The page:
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Question for Dr. V
lupylisa44 posted:
I am curious to know your opinion about low dose naltrexone for lupus. My Primary care doctor is a Harvard M.D. who practices integrative medicine. She suggested that I try low dose naltrexone to help relieve many painful symptoms of lupus. Do you know anything about this treatment? If so, what is your opinion of it?

With love, with patience and with faith, we'll make our way.
lupylisa44 responded:
With love, with patience and with faith, we'll make our way.
R Swamy Venuturupalli, MD, FACR responded:
Naltrexone is an inexpensive generic pharmaceutical approved by the United States Food and Drug Administration since 1984 for treating opiate and alcohol addiction. Usually doses of about 0.5 mg/kg of body weight are used to treat chronic opioid or alcohol addiction. However, recent observations indicate that low doses of naltrexone (0.08 mg/kg) may have beneficial effects on the immune system. There have been some preliminary studies suggesting benefit of LDN in Crohn's disease and MS as well as HIV/AIDS, certain types of cancer. Side effects seem to be usually both mild and transitory.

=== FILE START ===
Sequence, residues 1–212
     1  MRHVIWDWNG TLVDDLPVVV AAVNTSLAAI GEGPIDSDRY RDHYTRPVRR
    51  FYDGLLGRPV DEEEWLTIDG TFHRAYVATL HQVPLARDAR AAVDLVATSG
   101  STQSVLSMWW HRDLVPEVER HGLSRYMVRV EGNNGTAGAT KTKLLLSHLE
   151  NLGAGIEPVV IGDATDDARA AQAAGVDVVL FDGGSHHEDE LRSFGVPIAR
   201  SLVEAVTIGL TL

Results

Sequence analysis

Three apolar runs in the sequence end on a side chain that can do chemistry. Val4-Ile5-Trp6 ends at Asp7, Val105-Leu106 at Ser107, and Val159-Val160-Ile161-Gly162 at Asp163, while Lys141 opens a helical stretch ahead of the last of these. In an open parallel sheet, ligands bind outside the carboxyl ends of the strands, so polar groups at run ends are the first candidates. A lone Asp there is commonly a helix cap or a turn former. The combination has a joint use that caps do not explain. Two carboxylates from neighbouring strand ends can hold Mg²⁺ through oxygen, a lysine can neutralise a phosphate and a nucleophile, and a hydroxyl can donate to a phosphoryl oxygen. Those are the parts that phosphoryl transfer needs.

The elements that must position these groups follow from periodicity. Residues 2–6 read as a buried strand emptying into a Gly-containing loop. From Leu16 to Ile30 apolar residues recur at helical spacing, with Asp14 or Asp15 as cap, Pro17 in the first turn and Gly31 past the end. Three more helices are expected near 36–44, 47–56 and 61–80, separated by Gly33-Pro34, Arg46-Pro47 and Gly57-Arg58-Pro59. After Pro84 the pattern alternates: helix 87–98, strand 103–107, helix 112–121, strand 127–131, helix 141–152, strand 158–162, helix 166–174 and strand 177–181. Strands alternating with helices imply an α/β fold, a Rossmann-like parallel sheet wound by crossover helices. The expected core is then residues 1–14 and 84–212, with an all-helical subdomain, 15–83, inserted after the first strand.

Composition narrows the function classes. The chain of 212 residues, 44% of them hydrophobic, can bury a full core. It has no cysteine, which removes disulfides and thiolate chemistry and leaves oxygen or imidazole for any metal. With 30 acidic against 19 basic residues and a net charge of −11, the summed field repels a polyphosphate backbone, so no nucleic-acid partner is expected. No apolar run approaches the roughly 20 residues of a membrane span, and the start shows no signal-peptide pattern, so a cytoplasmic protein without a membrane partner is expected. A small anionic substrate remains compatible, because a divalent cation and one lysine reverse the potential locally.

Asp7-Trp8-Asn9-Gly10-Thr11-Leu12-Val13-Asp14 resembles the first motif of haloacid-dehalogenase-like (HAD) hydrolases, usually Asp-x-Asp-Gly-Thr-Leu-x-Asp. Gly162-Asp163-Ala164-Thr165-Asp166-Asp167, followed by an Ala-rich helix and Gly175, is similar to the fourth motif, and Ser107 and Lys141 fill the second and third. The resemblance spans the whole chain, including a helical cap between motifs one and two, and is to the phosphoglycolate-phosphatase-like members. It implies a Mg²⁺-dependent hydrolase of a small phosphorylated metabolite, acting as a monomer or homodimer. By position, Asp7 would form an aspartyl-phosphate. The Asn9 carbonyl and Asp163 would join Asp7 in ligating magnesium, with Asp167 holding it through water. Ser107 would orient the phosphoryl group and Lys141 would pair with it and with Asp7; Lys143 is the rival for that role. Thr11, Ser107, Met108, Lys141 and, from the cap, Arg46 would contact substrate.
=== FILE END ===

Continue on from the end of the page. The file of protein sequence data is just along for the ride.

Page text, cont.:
One small nightly dose of Naltrexone has the effect of temporarily blocking certain opioid receptors. This causes a several-fold increase in endogenous endorphins (opiate-like chemicals produced naturally in the body) in the morning when a patient awakens. This leads to a positive effect on the mood and if we were to extrapolate from animal studies, seems to help with immune function regulation.

According to some patient reports, the endorphin increase at night can also make dreams more vivid and create disturbances in sleep. I have no experience prescribing this medication, and at this time it remains experimental for the treatment of autoimmune disease.

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